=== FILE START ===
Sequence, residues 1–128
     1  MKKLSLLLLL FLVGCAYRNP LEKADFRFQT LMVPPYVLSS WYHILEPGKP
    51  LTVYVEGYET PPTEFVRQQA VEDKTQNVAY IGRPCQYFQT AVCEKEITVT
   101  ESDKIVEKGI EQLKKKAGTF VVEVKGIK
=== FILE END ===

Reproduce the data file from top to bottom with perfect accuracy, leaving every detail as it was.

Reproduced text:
Sequence, residues 1–128
     1  MKKLSLLLLL FLVGCAYRNP LEKADFRFQT LMVPPYVLSS WYHILEPGKP
    51  LTVYVEGYET PPTEFVRQQA VEDKTQNVAY IGRPCQYFQT AVCEKEITVT
   101  ESDKIVEKGI EQLKKKAGTF VVEVKGIK